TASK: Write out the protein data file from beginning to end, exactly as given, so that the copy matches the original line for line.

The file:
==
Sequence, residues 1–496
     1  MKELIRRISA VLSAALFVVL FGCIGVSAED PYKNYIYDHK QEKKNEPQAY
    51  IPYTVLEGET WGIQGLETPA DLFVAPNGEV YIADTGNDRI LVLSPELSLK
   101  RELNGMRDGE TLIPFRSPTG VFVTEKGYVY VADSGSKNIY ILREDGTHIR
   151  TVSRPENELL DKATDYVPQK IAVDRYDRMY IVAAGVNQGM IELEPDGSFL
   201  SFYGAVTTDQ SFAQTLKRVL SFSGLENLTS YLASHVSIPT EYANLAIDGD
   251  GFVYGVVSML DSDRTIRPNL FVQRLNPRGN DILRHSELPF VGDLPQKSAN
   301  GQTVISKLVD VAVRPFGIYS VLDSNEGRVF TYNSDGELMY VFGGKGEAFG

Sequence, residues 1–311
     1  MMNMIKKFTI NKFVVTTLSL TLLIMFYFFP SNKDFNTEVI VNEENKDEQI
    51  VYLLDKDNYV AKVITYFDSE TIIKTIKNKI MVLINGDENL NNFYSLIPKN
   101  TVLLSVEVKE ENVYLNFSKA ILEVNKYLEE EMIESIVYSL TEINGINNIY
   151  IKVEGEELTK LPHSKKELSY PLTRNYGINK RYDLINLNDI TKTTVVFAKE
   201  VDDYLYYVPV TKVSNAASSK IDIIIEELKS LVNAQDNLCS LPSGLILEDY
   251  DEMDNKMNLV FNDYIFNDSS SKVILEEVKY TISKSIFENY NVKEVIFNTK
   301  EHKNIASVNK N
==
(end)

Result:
Sequence, residues 1–496
     1  MKELIRRISA VLSAALFVVL FGCIGVSAED PYKNYIYDHK QEKKNEPQAY
    51  IPYTVLEGET WGIQGLETPA DLFVAPNGEV YIADTGNDRI LVLSPELSLK
   101  RELNGMRDGE TLIPFRSPTG VFVTEKGYVY VADSGSKNIY ILREDGTHIR
   151  TVSRPENELL DKATDYVPQK IAVDRYDRMY IVAAGVNQGM IELEPDGSFL
   201  SFYGAVTTDQ SFAQTLKRVL SFSGLENLTS YLASHVSIPT EYANLAIDGD
   251  GFVYGVVSML DSDRTIRPNL FVQRLNPRGN DILRHSELPF VGDLPQKSAN
   301  GQTVISKLVD VAVRPFGIYS VLDSNEGRVF TYNSDGELMY VFGGKGEAFG

Sequence, residues 1–311
     1  MMNMIKKFTI NKFVVTTLSL TLLIMFYFFP SNKDFNTEVI VNEENKDEQI
    51  VYLLDKDNYV AKVITYFDSE TIIKTIKNKI MVLINGDENL NNFYSLIPKN
   101  TVLLSVEVKE ENVYLNFSKA ILEVNKYLEE EMIESIVYSL TEINGINNIY
   151  IKVEGEELTK LPHSKKELSY PLTRNYGINK RYDLINLNDI TKTTVVFAKE
   201  VDDYLYYVPV TKVSNAASSK IDIIIEELKS LVNAQDNLCS LPSGLILEDY
   251  DEMDNKMNLV FNDYIFNDSS SKVILEEVKY TISKSIFENY NVKEVIFNTK
   301  EHKNIASVNK N